McLean Hospital, the largest psychiatric affiliate of Harvard Medical School, recently hosted a gala event to honor actress, author and mental health advocate Jane Fonda for her exceptional efforts to educate the public about mental health issues.
Director David O. Russell, who was honored by the hospital last year, actress Catherine Keener and actress/comedian Maya Rudolph, were among the 500 guests to show support for Fonda as she was presented with the coveted McLean Award—the hospital’s highest honor—at the InterContinental Hotel in Boston on Friday, June 20.
“I am grateful for the compassion that McLean brings to its work,” said Fonda, who eloquently and openly spoke about her mother’s suicide when Jane was just 12 years old and about her own struggle with an eating disorder.
In fitting Hollywood fashion, the evening concluded with a surprise ending when McLean President and Psychiatrist in Chief Scott L. Rauch, MD, and Board Chairman David S. Barlow presented Fonda with a portrait created by world-renowned Brazilian neo-pop artist Romero Britto.
“Romero is a huge fan of yours and he was very disappointed that he could not be here to congratulate you in person. However, in advance of this event, he sequestered himself in his studio to create this portrait of you and we are honored to present it to you this evening,” said Rauch to a visibly surprised and excited Fonda.
Prior to the award ceremony, Fonda spent the day at McLean’s Belmont, Massachusetts campus, touring programs that specialize in women’s trauma and eating disorders. She also had an opportunity to meet with Rauch, as well as Chief Medical Officer Joseph Gold, MD, and Chief Academic Officer Shelly F. Greenfield, MD, MPH, to learn more about McLean’s expanding focus on specialized mental health care for women.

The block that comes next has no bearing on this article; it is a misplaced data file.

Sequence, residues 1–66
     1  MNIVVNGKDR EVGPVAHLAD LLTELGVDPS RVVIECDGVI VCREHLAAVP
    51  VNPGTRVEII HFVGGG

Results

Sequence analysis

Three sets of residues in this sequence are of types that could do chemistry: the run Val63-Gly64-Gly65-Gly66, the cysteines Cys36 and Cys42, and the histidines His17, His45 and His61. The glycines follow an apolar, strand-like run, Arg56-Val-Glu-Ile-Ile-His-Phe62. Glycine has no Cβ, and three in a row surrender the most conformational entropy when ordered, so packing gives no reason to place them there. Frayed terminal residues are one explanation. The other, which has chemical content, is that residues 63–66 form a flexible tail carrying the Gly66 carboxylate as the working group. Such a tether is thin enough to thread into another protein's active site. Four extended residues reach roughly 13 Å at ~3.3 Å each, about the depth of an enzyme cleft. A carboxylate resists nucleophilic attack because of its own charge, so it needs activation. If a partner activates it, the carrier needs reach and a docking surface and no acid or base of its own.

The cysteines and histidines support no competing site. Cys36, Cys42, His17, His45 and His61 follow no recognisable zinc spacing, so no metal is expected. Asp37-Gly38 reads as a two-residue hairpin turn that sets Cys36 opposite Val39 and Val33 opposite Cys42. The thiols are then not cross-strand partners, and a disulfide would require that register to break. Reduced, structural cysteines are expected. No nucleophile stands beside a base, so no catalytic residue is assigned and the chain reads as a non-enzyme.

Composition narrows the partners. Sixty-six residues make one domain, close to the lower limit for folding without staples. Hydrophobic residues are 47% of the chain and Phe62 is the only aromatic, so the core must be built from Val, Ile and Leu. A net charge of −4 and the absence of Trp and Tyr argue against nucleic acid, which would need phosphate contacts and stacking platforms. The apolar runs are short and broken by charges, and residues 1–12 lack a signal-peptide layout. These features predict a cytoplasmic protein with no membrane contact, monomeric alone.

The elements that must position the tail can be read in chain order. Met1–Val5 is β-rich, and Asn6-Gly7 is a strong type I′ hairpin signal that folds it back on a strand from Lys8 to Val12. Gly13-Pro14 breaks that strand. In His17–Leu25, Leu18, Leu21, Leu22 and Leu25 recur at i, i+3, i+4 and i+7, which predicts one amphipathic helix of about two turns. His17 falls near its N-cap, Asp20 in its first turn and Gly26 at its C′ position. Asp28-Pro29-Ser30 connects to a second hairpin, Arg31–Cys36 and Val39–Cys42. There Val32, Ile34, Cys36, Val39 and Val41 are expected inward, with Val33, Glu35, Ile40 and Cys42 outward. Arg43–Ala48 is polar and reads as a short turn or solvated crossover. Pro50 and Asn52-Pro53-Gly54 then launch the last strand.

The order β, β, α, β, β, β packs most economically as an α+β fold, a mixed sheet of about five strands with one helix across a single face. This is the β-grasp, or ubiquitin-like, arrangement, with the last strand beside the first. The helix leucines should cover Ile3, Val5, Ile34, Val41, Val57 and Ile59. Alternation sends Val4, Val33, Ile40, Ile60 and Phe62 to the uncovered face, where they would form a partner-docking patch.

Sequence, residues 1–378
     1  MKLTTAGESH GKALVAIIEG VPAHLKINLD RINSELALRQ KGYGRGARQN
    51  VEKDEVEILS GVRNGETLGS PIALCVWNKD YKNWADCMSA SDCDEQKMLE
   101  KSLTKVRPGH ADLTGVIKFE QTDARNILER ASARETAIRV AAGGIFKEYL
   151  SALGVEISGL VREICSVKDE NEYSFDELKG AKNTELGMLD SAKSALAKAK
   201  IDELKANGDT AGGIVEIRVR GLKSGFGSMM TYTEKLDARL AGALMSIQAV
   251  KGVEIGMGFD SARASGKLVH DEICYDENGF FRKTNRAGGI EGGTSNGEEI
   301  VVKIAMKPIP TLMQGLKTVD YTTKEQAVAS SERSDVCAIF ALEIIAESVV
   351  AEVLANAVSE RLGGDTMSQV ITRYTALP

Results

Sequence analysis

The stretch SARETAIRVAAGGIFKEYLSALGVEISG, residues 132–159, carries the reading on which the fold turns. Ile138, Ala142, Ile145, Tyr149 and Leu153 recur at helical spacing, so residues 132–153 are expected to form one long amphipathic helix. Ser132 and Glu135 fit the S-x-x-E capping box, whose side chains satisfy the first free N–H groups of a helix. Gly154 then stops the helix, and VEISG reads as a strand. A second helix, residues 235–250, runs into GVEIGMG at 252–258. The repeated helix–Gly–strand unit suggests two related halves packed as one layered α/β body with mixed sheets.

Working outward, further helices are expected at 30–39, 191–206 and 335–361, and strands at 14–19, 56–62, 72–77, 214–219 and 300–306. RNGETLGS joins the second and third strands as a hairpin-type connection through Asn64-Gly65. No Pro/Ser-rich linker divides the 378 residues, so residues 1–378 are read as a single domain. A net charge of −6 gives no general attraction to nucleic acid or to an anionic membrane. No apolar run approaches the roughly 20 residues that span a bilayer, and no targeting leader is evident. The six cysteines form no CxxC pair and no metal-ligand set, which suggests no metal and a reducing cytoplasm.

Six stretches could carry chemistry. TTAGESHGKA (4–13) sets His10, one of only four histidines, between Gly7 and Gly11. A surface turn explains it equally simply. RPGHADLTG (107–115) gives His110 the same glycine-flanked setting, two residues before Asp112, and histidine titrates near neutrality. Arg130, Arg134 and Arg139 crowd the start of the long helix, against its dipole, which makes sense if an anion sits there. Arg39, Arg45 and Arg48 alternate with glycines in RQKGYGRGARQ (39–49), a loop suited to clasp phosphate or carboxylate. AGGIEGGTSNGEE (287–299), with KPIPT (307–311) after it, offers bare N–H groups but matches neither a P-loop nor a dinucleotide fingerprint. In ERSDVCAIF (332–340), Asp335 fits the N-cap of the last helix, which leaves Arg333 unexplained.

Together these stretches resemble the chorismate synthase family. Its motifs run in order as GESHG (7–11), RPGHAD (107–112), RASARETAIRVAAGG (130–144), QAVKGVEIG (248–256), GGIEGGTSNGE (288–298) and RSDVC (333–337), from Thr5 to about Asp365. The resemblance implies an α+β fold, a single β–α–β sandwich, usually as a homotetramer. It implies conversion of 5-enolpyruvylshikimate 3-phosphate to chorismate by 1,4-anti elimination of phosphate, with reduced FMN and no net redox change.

“We were thrilled to welcome Jane Fonda to McLean. She was eager to learn about all of our work and was extremely complimentary of our strong focus on improving the understanding of women’s mental health as well as providing better care for the disorders that are highly prevalent in women,” said Rauch. “We hope that this is the beginning of a collaborative relationship between McLean and Ms. Fonda, given our shared interests and mission.”
Fonda’s work on stage and screen has earned numerous accolades, including two Oscars (Best Actress in 1971 for “Klute” and in 1978 for “Coming Home”) and an Emmy for her performance in “The Dollmaker”. In 2014, she received the American Film Institute’s highest honor, the Life Achievement Award.
In addition to her tremendous success as a stage and screen actress, Fonda focuses much of her time on education, advocacy, activism and social change. In particular, she has been devoted to the program she founded in 1995, the Georgia Campaign for Adolescent Power and Potential (G-CAPP). Fonda now serves as Chair Emeritus of this statewide effort to reduce the high rates of adolescent pregnancy and obesity in Georgia through community, youth and family development, training of professionals who work with adolescents, and legislative advocacy.
In March 2014, her new book, Being A Teen: Everything Teen Girls & Boys Should Know About Relationships, Sex, Love, Health , Identity & More, was released by Random House.
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